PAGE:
The global market has opened up huge opportunities for Uzbek companies, while challenging with certain risks for economic models in developing countries. Therefore, the process of development of domestic demand with the focus on rural areas was started concurrently with the maximum diversification of exports. The country also embarked on reduction of state expenditures, stimulation of small business and private entrepreneurship, and active development of public-private partnership.
The present Uzbekistan is a dynamically developing country with a fast-growing and socially oriented market economy. The consistent reforms have primarily resulted in stable and balanced economic growth. Over the past decade the average annual growth rate of the gross domestic product in Uzbekistan has exceed 8%. Generally, over the years of independence, the country’s economy grew by almost 6 times, and real incomes of the population - by almost 9 times. Gross domestic product per capita grew to $6,900, which allowed Uzbekistan raking among the countries with an average income.
The structure of Uzbekistan's exports has changed dramatically as a result of the diversification of the industrial structure. In the beginning of the 1990s the country's exports were mainly dependent on cotton, which share in the structure of exports was 60%, while now almost 80% of the country's exports of finished products are represented by cars, buses and trucks, a wide range of home appliances, cellular phones , fruits and vegetables, textile and leather products, medicines, modern cable-conductor goods, construction materials, fertilizers and more.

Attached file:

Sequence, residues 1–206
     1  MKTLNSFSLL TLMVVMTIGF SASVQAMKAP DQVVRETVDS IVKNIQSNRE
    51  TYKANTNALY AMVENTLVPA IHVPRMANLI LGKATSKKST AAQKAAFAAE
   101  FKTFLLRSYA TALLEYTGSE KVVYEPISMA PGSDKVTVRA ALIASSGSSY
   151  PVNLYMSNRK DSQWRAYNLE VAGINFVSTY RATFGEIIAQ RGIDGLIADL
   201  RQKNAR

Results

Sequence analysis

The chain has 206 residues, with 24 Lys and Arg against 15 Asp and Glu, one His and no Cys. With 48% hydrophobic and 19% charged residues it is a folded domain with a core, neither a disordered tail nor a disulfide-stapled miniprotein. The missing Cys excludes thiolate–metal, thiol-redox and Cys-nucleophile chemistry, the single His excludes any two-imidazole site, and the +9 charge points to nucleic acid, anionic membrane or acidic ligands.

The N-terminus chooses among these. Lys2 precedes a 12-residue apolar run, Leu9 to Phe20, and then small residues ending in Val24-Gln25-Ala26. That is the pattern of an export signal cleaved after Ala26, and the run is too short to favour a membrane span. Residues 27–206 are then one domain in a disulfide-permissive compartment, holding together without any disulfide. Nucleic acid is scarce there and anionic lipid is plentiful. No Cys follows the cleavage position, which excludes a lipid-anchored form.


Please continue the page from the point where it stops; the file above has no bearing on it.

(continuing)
Small Business has turned into the flagship engine of the national economy. In the first years of independence private enterprise hardly existed, while today more than 90% of all businesses are small or private business entities. Today, over 56% of GDP, 32% of industrial and almost all agricultural production accounts for small business. The private sector is now the main source of growth of incomes of local population.
Over the last four years alone, Uzbekistan approved more than 15 laws aimed at enhancing the role and protection of private property, the further improvement of the business environment and business management, including the laws ‘On protection of private property and guarantees for owners’ rights’, ‘On guarantees for freedom of entrepreneurship’, ‘On licensing procedures in business’, ‘On the competition’, ‘On the family business’. 186 permits and licensing procedures, 65 statistical, and six procedures of tax reporting were cancelled. Tax and statistical reports, as well as customs clearance fully shifted to the electronic submission system. At the legislative level, Uzbekistan introduced the principle of the priority of the rights of entrepreneurs in their relations with the government, law enforcement and regulatory authorities. There is an open and transparent mechanism for greater involvement of small businesses in the government procurement process.